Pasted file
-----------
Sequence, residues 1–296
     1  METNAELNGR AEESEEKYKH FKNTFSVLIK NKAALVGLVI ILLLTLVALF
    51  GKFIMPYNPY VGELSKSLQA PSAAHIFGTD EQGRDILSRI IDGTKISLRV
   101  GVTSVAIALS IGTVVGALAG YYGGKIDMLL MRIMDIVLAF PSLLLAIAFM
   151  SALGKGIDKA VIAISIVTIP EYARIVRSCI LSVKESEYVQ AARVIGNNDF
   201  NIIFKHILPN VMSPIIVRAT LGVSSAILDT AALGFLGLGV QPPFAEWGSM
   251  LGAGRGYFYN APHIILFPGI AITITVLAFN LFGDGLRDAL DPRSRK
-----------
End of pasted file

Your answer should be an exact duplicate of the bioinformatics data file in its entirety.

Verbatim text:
Sequence, residues 1–296
     1  METNAELNGR AEESEEKYKH FKNTFSVLIK NKAALVGLVI ILLLTLVALF
    51  GKFIMPYNPY VGELSKSLQA PSAAHIFGTD EQGRDILSRI IDGTKISLRV
   101  GVTSVAIALS IGTVVGALAG YYGGKIDMLL MRIMDIVLAF PSLLLAIAFM
   151  SALGKGIDKA VIAISIVTIP EYARIVRSCI LSVKESEYVQ AARVIGNNDF
   201  NIIFKHILPN VMSPIIVRAT LGVSSAILDT AALGFLGLGV QPPFAEWGSM
   251  LGAGRGYFYN APHIILFPGI AITITVLAFN LFGDGLRDAL DPRSRK